If you've ever been to Bryce Canyon National Park, it would be easy to think that all hoodoos in the world are in this one place. You'd be wrong, though. Bryce certainly has an abundance of hoodoos, but there are plenty of them to be found elsewhere too. We recently camped in some of the wilderness area of New Mexico just to visit with some of their spectacular hoodoos.
What's a hoodoo you ask - it's a strange shaped formation formed by many years of erosion and natural forces. Each is imaginative and unique. The desert area, with little vegetation is more exposed to the elements and the desert is also more enduringly preserving due to less rainfall. Hoodoos come in every color and frequently in multiple colors in one. They may be grouped together or stand aloof. Some are small and others are quite large. I find them captivating, amusing, and beautiful. Hiking through hoodoo land is much like traveling to an alien planet. The surroundings are unlike any other.
An extra perk of visiting hoodoos here is that there is little light to interfere with star viewing. The stars are most amazing when seen from wilderness areas. We visited during a meteor shower and saw a dozen in less than an hour. Extraordinary!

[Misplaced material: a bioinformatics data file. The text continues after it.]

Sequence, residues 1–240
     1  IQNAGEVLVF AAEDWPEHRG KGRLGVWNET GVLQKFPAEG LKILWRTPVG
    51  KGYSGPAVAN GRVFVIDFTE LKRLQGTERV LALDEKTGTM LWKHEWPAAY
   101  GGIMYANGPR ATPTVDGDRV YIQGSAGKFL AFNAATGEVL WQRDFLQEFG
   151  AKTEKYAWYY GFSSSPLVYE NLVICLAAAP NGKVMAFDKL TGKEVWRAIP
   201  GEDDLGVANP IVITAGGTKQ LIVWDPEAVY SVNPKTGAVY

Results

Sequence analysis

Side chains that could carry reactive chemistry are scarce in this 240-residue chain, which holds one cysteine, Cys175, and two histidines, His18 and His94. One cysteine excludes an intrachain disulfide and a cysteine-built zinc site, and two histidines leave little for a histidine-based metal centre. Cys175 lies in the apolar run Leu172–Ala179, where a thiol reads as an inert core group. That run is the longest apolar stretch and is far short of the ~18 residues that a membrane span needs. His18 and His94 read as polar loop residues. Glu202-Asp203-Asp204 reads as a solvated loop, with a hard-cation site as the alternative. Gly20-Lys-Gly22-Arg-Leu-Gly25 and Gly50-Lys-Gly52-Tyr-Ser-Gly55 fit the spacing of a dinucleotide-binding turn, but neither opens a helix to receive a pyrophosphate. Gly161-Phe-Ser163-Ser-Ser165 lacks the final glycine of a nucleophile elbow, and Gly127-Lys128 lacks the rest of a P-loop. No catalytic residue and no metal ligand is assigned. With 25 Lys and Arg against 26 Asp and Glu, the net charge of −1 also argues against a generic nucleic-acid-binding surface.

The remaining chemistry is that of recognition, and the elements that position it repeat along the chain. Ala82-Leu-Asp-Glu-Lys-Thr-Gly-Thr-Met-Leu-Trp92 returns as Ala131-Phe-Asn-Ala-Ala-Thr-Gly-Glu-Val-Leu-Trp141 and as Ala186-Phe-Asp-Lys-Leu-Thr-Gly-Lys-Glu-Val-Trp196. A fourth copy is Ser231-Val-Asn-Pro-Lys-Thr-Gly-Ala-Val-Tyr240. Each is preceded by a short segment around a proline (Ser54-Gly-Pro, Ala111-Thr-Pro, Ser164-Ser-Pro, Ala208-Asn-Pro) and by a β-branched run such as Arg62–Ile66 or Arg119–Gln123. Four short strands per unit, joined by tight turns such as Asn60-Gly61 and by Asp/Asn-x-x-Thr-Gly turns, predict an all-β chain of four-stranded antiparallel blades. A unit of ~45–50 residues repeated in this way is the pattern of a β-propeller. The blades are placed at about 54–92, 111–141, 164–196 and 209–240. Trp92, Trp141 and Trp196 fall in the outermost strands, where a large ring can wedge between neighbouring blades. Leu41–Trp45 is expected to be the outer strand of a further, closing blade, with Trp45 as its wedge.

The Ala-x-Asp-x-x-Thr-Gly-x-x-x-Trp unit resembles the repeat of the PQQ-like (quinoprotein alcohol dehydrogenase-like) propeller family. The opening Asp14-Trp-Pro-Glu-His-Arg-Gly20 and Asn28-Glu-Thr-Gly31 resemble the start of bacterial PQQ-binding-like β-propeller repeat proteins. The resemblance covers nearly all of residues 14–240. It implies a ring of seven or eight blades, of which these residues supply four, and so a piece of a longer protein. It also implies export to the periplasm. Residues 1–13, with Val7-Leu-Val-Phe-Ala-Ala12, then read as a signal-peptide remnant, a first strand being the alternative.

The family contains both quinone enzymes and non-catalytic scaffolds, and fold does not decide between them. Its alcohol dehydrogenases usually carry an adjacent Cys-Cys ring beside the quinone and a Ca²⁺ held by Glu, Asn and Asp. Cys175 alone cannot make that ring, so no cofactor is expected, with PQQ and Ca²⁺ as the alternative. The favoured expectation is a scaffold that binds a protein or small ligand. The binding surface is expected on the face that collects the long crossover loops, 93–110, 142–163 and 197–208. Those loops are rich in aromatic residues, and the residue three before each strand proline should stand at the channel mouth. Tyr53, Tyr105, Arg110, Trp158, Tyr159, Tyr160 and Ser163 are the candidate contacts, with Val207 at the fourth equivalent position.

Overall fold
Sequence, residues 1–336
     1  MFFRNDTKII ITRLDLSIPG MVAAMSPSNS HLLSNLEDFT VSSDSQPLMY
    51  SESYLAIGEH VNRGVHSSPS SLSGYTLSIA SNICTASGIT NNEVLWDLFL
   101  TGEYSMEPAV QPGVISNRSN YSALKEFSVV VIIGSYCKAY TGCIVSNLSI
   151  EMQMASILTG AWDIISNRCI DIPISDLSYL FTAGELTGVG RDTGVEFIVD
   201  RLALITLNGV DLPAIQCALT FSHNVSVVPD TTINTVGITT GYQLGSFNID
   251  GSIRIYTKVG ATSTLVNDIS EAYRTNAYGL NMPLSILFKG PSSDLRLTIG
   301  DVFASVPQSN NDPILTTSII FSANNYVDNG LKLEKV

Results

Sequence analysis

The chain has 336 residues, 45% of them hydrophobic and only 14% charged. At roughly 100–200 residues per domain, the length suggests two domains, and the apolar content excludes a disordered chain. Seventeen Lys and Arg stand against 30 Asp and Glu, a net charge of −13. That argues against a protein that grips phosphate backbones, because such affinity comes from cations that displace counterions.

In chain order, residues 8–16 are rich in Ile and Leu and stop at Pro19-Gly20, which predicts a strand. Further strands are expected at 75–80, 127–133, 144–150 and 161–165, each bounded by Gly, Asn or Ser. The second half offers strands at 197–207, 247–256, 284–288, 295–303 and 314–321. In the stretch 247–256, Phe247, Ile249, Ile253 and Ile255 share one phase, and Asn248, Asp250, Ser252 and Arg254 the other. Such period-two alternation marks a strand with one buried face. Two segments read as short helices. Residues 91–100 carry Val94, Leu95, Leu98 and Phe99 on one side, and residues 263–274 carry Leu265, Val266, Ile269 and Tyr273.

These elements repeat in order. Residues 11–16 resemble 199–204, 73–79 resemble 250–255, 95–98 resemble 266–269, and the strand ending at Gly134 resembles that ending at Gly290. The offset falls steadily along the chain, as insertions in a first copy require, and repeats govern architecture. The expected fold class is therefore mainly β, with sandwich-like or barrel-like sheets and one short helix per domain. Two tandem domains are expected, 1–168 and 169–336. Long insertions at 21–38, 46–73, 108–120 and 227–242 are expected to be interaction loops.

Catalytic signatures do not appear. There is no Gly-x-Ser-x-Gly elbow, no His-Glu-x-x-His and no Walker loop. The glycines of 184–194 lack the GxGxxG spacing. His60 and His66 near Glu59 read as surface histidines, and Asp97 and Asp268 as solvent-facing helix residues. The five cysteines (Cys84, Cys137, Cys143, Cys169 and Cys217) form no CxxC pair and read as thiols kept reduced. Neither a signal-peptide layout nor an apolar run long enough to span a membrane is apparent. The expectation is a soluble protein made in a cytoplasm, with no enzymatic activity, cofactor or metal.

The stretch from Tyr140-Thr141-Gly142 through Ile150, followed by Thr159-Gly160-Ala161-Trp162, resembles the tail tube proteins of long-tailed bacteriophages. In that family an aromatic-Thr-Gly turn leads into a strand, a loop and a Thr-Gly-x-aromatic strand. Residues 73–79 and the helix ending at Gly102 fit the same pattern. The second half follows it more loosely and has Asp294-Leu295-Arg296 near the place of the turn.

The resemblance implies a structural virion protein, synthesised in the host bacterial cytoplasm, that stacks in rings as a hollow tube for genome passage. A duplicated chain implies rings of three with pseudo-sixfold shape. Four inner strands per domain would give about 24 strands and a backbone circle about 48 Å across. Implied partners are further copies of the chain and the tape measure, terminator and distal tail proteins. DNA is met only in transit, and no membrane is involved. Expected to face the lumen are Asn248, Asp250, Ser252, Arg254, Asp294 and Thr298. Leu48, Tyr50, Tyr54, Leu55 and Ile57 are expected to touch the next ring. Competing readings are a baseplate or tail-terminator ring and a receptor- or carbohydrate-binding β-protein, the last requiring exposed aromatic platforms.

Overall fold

If you do visit hoodoos, please be careful to preserve them. Do not climb on them, tie anything to them, carve on them, or in any other way engage in destructive behavior. As always, be careful exploring, minding weather, sun, dehydration, snakes, etc. Do not drive across (or try to wade or swim) washes that have moving water. The current is stronger than you might think and dangerous. Flash flooding is a serious danger. It is extremely easy to get lost out here, so bring a map and know how to use it. Be prepared for survival in the unfortunate event of some difficulty.